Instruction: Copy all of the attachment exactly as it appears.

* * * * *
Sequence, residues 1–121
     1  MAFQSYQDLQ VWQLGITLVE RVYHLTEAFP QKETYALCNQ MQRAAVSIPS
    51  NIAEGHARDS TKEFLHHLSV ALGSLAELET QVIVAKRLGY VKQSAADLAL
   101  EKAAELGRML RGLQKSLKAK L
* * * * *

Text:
Sequence, residues 1–121
     1  MAFQSYQDLQ VWQLGITLVE RVYHLTEAFP QKETYALCNQ MQRAAVSIPS
    51  NIAEGHARDS TKEFLHHLSV ALGSLAELET QVIVAKRLGY VKQSAADLAL
   101  EKAAELGRML RGLQKSLKAK L